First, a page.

In 1984 Close was given a part in Robert Redford's baseball drama The Natural, and although it was a small supporting role she earned a third consecutive Oscar nomination. Close, to this day, credits her nomination to cinematographer Caleb Deschanel, stating ''That hat was designed so the sunlight would come through. We waited for a certain time of day, so the sun was shining through the back of the stadium. And he had a lens that muted the people around me. It was an incredibly well thought-out shot. And I honestly think that's the reason I got nominated.'' Close also starred opposite Robert Duvall in the drama The Stone Boy (1984), a film about a family coping after their youngest child accidentally kills his older brother in a hunting accident.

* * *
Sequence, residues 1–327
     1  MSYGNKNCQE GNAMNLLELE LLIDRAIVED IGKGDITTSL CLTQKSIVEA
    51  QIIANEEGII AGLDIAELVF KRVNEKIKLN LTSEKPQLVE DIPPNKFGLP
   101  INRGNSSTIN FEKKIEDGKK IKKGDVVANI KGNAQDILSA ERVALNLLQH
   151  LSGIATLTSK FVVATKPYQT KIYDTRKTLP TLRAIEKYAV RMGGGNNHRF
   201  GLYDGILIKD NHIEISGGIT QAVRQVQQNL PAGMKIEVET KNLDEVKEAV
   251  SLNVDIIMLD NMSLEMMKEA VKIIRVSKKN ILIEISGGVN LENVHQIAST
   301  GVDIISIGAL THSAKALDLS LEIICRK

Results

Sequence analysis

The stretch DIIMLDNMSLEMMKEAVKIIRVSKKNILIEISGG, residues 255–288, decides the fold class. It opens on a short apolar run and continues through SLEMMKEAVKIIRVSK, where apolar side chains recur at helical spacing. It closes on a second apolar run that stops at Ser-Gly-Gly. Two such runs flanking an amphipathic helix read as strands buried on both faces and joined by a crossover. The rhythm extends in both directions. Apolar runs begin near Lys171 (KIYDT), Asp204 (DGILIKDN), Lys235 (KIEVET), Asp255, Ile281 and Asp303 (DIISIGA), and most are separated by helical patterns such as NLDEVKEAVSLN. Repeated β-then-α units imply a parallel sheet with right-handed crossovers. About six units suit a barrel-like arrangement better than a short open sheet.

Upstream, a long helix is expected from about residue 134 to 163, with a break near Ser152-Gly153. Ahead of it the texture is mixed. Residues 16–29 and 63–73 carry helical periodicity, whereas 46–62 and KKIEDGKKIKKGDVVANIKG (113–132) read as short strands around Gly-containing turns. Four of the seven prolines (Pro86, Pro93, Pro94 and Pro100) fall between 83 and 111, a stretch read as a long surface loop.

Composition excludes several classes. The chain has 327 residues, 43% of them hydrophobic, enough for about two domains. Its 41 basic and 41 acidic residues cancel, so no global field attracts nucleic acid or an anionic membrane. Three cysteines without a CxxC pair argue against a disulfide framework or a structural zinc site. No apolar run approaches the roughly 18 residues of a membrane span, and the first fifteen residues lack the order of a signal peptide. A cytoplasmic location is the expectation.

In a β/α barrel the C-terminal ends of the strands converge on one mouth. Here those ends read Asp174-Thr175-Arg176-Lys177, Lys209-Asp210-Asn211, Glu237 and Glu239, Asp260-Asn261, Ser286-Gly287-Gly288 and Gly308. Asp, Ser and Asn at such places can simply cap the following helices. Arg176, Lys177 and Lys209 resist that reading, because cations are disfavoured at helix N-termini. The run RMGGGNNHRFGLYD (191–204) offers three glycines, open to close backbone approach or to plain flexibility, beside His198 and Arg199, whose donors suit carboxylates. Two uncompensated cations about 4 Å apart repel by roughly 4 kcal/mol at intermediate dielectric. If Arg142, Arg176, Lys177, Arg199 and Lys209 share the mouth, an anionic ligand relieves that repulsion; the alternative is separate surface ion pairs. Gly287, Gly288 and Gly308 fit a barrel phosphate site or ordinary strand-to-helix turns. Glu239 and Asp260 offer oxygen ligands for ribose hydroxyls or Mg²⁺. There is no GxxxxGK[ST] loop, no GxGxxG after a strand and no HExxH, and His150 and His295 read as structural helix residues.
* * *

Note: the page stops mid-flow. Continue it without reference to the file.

Eventually, Close began to seek different roles to play because she did not want to be typecast as a motherly figure. She starred in the 1985 romantic comedy Maxie, alongside Mandy Patinkin. Close was given favorable reviews and even received her second Golden Globe Award nomination, but the movie was critically panned and under-performed at the box office. In 1985 Close starred in the legal thriller Jagged Edge, opposite Jeff Bridges. Initially, Jane Fonda was attached to the role, but was replaced with Close when she requested changes in the script. Producer Martin Ransohoff was against the casting of Close because he said she was "too ugly" for the part. Close eventually heard about this and said she didn't want Ransohoff on set while she was making her scenes. Director Richard Marquand stood by her side and sent Ransohoff away. Infuriated, Ransohoff went to the studio heads trying to get Close and Marquand fired from the picture. The studio refused, stating they were pleased with their work in the film. Jagged Edge received favorable to positive reviews and grossed $40-million on a $15-million budget.